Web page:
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Violent games are free speech

American kids have constitutional right to amputation, decapitation, mutilation and maiming

Dark blue icons of video game controllers on a light blue background
Image credit: Eurogamer

Last year the American city of Indianapolis introduced a new law which required arcade owners to keep their most violent and sexually explicit games seperate from other machines, and to clearly label them as suitable for adults only. Any under-age children wanting to play one of these marked games would need parental consent. Bizarrely though an American court ruled that the law was unconstitutional on the grounds that kids have a First Amendment right to play these games. We're not quite sure how playing Mortal Kombat can be interpreted as free speech or freedom of expression, but there you go - America is weird like that. Indianapolis then took the case to the US Supreme Court, arguing that the earlier ruling against them meant that "a seven-year-old boy has a constitutional right to play hard-core, graphically violent video games in an arcade without his parents' consent". Clearly this is a ridiculous situation, but apparently America's top judges don't see it that way. Yesterday they upheld the appeals court decision without giving any explanation as to why, forcing Indianapolis to go back to the drawing board. This means that American kids now have a confirmed Constitutional right to play games featuring graphic violence, which the city of Indianapolis had defined as including "'amputation, decapitation, dismemberment, bloodshed, mutilation, maiming" and other wholesome activities appropriate for young children. The arcade gaming industry had fought Indianapolis on the basis that their games deserved the same First Amendment protection that books and movies currently enjoy, accusing the city of "content-based censorship". This is pretty stupid when you stop to think about it though, as the law wasn't banning violent games, or even stopping children from playing them. It was simply putting the decision back into the hands of parents by insisting that anybody under the age of 18 had parental consent to play violent and sexually explicit arcade games, either by having a parent there to supervise them and decide which games they could play or by giving the arcade's staff a blanket consent form and abandoning the children to play anything they wanted. Sadly though it seems that in America you can win any court case, however ridiculous your position may be, simply by screaming "First Amendment". Which makes it unlikely that we will see the legal enforcement of age ratings on computer and console games in America any time soon either...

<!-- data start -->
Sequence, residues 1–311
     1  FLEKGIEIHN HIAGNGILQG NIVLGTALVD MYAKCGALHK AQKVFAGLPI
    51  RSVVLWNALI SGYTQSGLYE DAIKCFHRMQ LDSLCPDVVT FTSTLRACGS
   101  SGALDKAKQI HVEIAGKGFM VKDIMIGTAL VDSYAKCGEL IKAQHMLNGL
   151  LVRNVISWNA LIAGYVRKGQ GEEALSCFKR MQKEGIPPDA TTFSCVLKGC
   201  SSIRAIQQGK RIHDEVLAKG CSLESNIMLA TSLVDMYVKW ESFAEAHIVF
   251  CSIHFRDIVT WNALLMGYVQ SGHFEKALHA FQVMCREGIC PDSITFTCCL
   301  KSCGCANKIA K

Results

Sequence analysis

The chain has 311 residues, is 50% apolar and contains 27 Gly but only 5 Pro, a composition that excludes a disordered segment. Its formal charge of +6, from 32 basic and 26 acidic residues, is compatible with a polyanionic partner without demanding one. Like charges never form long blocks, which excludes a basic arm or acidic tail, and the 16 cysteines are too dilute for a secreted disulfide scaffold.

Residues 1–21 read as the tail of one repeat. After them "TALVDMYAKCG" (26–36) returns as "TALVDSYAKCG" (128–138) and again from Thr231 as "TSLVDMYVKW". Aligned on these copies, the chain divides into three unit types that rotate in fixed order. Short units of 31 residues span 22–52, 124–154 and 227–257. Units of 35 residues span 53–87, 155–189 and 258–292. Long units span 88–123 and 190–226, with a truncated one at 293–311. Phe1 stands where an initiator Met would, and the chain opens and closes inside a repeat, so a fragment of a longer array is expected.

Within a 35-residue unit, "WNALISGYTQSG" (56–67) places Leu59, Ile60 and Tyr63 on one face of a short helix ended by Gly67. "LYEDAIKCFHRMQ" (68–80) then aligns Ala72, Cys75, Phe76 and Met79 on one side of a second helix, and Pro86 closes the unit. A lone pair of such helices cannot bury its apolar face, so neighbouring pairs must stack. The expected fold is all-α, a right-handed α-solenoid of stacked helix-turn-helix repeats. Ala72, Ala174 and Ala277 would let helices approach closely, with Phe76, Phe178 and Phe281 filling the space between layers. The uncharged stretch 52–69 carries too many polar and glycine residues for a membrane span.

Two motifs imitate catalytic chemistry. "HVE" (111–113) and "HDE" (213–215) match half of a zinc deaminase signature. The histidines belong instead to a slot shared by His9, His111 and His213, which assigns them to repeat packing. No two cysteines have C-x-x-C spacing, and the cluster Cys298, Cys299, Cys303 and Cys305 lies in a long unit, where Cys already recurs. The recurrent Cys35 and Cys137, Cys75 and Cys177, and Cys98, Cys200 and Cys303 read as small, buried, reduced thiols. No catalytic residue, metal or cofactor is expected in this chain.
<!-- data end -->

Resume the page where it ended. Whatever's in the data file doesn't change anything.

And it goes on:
Source - Reuters

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